"Any new solution such as secure text messaging requires the application of a comprehensive communications strategy," Werder says. "I personally underestimated the strength of the richness of the pager culture, which has stood the test of time and remains a highly reliable and cost-effective communication solution. Secure texting—like earlier advances—merits a broad view of the benefits it offers to improve enterprise collaboration. Otherwise, it will face some resistance, as previous advances did, because some will view it as unneeded change. In my experience, the technologies on the market today are very intuitive and require little training. Depending on the institution, various policies may need to be modified to establish the guardrails for effective communication through text messages."
Text messaging in a health care environment raises security questions, mostly due to the nature of the messages, the majority of which are anonymous and impersonal, and can be sent by anyone with a phone. Even after health care organizations have taken steps to secure the transmission of text messages, security lapses can occur. For example, text messages may be directed to the incorrect party.
"It is important for the health care industry—particularly organizations like The Joint Commission—to recognize that secure, ephemeral, and compliant messaging platforms mitigate modern cyber threats, which are increasing in frequency and complexity," says Galina Datskovsky, PhD, CRM, FAI, CEO of Vaporstream. "An example of one of these threats is mobile ransomware, a recent trend gaining popularity that targets vulnerable SMS communications, which 95% of health care workers use when they don't have a secure solution available.
"To address the threats head-on, organizations should not only embrace but also require the implementation of secure messaging platforms to collaborate between care giving teams, physicians, specialists, pharmacists, payers, and the patient, since they are specifically designed to utilize text in a HIPAA-compliant manner. These platforms leverage the convenience of mobile text messaging while ensuring the protection of PHI, personally identifiable information, and internet protocol, and seamlessly integrate with EHR systems to streamline workflows and compliance. Once that hurdle is removed, it is important to simplify rollout and integrate into all existing systems to accelerate adoption and increase participation."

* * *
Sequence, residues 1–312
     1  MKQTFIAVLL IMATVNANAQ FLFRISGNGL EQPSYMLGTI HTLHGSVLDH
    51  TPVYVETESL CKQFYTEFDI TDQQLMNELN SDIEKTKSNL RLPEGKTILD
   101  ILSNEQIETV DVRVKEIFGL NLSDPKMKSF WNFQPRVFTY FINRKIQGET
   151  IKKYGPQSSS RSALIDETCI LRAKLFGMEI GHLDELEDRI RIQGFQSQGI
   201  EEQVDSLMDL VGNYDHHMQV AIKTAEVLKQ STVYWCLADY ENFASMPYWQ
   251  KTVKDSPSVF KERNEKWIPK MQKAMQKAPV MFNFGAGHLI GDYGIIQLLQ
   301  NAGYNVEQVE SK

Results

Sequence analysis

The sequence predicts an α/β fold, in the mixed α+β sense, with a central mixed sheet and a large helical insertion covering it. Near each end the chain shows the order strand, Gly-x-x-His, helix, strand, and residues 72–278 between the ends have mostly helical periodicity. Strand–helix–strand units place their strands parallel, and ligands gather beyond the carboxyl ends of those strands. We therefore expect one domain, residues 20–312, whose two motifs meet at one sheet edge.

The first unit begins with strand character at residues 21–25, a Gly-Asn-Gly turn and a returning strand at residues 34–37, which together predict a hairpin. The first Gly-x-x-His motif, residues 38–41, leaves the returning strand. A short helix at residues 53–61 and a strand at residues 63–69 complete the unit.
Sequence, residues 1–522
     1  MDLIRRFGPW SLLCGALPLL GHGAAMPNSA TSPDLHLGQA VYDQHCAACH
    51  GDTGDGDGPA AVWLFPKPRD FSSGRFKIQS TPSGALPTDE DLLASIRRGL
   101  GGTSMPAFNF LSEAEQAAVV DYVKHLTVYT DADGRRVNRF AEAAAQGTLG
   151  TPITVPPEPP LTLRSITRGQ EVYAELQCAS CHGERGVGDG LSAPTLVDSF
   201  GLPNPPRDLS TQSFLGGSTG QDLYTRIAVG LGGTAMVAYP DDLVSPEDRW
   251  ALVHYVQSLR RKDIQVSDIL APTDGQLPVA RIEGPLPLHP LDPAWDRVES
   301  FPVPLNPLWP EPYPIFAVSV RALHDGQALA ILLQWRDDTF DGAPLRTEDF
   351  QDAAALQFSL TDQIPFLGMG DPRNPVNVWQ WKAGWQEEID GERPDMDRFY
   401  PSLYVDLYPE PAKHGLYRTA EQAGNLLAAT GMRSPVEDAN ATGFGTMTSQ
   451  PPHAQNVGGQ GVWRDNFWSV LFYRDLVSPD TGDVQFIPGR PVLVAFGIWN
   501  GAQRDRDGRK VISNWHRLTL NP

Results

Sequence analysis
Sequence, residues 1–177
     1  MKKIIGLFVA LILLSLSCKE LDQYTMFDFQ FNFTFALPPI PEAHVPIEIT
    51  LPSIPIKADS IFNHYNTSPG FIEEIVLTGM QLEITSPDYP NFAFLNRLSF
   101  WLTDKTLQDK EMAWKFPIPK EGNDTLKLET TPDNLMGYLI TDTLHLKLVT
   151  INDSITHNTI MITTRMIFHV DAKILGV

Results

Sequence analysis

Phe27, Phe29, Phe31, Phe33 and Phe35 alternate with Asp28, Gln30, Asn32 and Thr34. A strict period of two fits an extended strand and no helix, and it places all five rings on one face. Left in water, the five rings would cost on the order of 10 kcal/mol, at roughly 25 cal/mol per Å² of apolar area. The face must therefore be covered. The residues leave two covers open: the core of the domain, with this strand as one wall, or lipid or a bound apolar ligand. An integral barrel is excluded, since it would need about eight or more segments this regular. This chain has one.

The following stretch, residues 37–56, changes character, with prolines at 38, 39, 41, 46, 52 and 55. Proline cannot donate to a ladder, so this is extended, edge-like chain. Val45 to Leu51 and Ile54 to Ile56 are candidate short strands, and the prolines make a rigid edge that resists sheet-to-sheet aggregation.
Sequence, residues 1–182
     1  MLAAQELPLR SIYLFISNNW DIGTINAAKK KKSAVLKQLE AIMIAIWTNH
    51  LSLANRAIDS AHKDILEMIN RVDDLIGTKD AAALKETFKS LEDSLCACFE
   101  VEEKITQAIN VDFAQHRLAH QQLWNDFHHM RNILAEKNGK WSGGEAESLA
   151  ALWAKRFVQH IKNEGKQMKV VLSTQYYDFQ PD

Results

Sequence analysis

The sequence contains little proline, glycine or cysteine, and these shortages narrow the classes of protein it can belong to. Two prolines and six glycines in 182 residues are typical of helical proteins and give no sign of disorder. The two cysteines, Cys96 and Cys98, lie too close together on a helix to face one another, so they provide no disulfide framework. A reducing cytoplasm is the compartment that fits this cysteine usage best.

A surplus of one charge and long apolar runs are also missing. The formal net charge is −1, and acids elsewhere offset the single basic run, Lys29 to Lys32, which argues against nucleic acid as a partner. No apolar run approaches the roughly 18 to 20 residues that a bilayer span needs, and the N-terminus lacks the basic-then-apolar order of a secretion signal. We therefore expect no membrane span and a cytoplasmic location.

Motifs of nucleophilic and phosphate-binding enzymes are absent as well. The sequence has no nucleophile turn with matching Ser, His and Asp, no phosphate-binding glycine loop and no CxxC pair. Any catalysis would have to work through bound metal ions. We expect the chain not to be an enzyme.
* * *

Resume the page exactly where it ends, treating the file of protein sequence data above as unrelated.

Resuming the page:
Secure text messaging would seem to have a place in the near future of health care. For example, in a fast-paced environment, such as an emergency department, a quick text message can be an ideal platform to keep physicians and nurses in touch with each other.
"Secure text messages that are immediately and automatically routed to the correct care team member for the particular clinical situation at hand allow care team members to easily communicate and collaborate without the needless disruption that 'blind' phone calls/pages create—forcing physicians and nurses to answer calls even if the correspondence is not urgent in nature," explains Michelle McCleerey, PhD, MA, MEd, MBA, RN, vice president of product management at PerfectServe.
As more vendors target solutions, the push to allow PHI in text messaging will likely grow much stronger, she says. "Given that there are cloud-based secure messaging vendors that have assumed and overcome the challenges of archiving and documenting PHI from text messages, the benefits of text messaging far outweigh any obstacle it would pose to a health care organization," McCleerey says. "These types of intelligent messages alleviate the need for care team members to search and struggle for the right individual to contact, prevent the wrong individual from being contacted, and eliminate the patient care time wasted waiting for a return call—all of which significantly delay patient care and degrade the patient experience."
Moving away from and supplementing traditional communication methods has improved workflow at Hennepin County Medical Center, where staff have found text messaging to be effective for mass alert notifications, patient throughput problem solving, quick questions, and patient status updates. "Secure text messaging brings the opportunity for improved collaboration among caregivers and the extended care team," Werder says. "Traditionally, communication among nurses, physicians, support staff, and others utilized and still use a plethora of technologies, from pagers to overhead announcements. At Hennepin County, we are fully embracing secure messaging for our health care system to improve collaboration and communication pathways among our care teams."
Work to Be Done
Throughout the business world, text messaging has become a common, convenient communications tool used to keep colleagues connected throughout the day. While text messaging can be just as useful in a medical setting, steps must be taken to ensure patient information is protected before, during, and after transit.
The Joint Commission is in the process of researching and determining the best way to implement secure text messaging in a health care environment. Once a secure system can be ensured, experts believe it may have a significant impact on patient care. However, until issues concerning data security can be resolved, the prospect of health care professionals exchanging patient data via text remains just out reach.
— Kayla Matthews is a writer contributing to conversations about health, technology, and new developments in science. You can follow her on ProductivityBytes.com or on Twitter @KaylaEMatthews.